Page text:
• EndpointSlice Controller: Creates and manages EndpointSlice resources, with EndpointSlice being a set of network connections endpoints
  • ServiceAccount Controller: Creates ServiceAccounts for new namespaces, with serviceAccounts being process identities within pods

cloud controller manager

Like the kube controller manager, the cloud controller manager interacts with cloud API’s, enabling you to link clusters with those API and its resources. It's important to note that when working with multiple cloud providers, the cloud controller manager will run controllers only on specific providers, letting you manage multiple managers within a single interface. 

Similar to the kube controller manager, the cloud controller manager has three different types:

  • Node Controller: Checks whether a node inside a certain cloud provider is working and has been deleted if unresponsive
  • Route Controller: Sets up node communication routes in the cloud infrastructure
  • Service Controller: Creates and manages cloud load balancers

etcd

etcd is Kubernetes’ data store for all cluster data. Relevant cluster data includes key determinants in a cluster’s current and desired state- information that apiserver collects and uses to bridge the two states. 

These 5 components work in conjunction and create the control plane. The state of the control plane components is extremely important, as inoperation in one of them can stop valuable processes within a cluster’s lifecycle. 

Kubernetes Control Plane Operations

The Kuberetes control plane operates by mobilizing worker nodes. A worker node would execute certain tasks and perform functions based on the instructions from the control plane and the state of the cluster. 

Like the control plane itself, worker nodes are comprised of different vital parts:

  • Kubelet: A node agent running on each node that ensures that clusters are operating smoothly
  • Container Runtime: Software tasked with running containers smoothly
  • Kube proxy: Network proxy that runs on each node

Worker nodes act upon instructions as a result from communicating with the control plane through their kubelets. In this process, kube proxy mobilizes assets and resources necessary for worker nodes to execute their instructions and ensure that pods are operating under strict restrictions. Lastly, container runtimes run the containers.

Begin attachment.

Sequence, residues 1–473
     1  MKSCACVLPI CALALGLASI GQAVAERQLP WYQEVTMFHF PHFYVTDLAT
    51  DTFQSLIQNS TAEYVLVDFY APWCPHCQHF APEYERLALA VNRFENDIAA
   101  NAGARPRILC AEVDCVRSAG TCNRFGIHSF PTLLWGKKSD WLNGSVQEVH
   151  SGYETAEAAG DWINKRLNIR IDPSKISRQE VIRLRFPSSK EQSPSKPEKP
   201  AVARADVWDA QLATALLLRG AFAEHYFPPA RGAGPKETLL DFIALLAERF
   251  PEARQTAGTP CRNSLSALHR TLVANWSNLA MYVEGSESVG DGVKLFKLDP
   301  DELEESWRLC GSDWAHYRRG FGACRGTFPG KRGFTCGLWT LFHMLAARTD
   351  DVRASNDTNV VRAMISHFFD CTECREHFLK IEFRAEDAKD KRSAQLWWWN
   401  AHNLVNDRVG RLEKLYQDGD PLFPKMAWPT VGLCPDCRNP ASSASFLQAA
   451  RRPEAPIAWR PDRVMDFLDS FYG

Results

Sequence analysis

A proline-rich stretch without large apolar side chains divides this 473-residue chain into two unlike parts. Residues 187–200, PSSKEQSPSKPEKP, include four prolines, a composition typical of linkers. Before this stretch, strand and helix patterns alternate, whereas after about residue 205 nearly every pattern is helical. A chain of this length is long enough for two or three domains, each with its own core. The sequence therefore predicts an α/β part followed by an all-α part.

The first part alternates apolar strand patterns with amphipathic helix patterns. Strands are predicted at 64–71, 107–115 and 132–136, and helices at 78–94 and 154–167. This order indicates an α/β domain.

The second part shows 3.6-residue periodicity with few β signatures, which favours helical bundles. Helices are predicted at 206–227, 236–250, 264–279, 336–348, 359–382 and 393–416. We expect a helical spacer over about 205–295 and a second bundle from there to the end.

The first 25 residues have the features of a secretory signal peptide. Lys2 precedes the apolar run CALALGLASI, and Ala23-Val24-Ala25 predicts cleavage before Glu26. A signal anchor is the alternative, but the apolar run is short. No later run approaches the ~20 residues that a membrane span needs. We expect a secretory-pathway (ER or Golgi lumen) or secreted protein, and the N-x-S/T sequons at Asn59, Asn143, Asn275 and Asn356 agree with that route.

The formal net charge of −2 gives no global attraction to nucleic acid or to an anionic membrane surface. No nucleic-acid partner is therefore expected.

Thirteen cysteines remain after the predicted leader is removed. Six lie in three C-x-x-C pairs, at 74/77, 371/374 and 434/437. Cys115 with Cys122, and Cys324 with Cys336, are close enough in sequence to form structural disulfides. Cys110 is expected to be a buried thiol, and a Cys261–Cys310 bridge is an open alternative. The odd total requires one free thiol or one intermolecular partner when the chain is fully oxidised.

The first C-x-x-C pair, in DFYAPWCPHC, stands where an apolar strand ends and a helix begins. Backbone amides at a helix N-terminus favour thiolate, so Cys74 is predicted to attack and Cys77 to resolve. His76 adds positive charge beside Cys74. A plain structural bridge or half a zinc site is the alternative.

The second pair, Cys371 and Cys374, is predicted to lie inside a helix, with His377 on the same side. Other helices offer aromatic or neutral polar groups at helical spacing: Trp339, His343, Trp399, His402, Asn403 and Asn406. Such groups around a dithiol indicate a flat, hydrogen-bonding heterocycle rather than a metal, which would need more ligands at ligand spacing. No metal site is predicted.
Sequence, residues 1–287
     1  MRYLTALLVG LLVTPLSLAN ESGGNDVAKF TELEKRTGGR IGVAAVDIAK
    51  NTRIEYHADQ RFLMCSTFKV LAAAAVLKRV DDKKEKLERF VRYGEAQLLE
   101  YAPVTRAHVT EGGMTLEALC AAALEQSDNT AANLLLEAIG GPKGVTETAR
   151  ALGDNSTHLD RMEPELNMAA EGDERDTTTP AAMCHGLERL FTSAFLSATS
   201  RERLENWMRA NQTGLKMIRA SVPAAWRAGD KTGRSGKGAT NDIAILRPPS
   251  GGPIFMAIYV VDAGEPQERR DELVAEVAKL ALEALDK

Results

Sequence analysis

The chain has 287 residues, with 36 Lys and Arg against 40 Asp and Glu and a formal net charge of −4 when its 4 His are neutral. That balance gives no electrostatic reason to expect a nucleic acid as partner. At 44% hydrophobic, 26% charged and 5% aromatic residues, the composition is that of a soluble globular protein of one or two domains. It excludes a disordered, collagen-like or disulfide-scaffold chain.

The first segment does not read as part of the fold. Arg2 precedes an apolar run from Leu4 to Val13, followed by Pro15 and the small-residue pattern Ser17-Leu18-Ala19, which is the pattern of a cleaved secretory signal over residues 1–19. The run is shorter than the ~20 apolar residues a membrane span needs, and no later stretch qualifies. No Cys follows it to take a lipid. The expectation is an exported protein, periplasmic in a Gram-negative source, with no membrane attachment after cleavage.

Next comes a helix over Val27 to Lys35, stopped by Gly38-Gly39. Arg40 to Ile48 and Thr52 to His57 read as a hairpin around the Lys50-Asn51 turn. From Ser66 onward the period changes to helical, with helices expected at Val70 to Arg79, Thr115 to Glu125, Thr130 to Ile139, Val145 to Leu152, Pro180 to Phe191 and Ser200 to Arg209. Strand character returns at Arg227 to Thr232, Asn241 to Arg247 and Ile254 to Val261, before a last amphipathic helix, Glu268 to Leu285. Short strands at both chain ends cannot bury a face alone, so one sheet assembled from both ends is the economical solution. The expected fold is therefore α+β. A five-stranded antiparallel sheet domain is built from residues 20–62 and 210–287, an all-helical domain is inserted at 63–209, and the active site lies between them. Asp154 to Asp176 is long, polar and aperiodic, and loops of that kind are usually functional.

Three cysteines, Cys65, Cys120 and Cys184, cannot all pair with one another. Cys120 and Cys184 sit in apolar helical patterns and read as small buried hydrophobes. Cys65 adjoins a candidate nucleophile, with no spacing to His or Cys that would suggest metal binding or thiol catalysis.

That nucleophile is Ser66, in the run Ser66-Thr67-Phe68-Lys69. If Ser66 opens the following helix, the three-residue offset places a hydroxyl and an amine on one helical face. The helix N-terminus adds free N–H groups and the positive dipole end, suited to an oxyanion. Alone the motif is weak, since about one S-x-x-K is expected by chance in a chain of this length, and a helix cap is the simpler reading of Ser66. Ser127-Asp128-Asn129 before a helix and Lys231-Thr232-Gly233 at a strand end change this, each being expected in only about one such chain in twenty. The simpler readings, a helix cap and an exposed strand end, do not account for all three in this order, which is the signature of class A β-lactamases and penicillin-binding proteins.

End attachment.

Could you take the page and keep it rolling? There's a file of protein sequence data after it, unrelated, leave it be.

The Kubernetes control plane manages these three components in order to ensure that containerized applications are operating smoothly.

Revolutionizing Kubernetes with Lyrid

Kubernetes itself is a complex beast. That point is only exemplified by the nuances of the brains behind it: the Kubernetes control plane. In order to keep your application running, different lines of communication must be established by the plane and its working parts, mobilizing control plane nodes and worker nodes alike to best service your clusters. The tech only gets more mind-bending when operating Kubernetes itself, though it doesn’t have to be hard. 

Supercharge your Kubernetes experience with Lyrid! Our managed Kubernetes enables you to leverage all the best features of Kubernetes (powerful automations, increased scalability and flexibility, resource optimization, etc) without the headache of having to deal with Kubernetes head on. Woilo, a social networking app, was able to drastically reduce the rate of their app crashing by 90%, increase their user engagement and satisfaction, and even open up new revenue streams with Lyrid’s managed Kubernetes!

If you’re looking for a Kubernetes solution, or want to take a product tour with one of our specialists, book a demo with us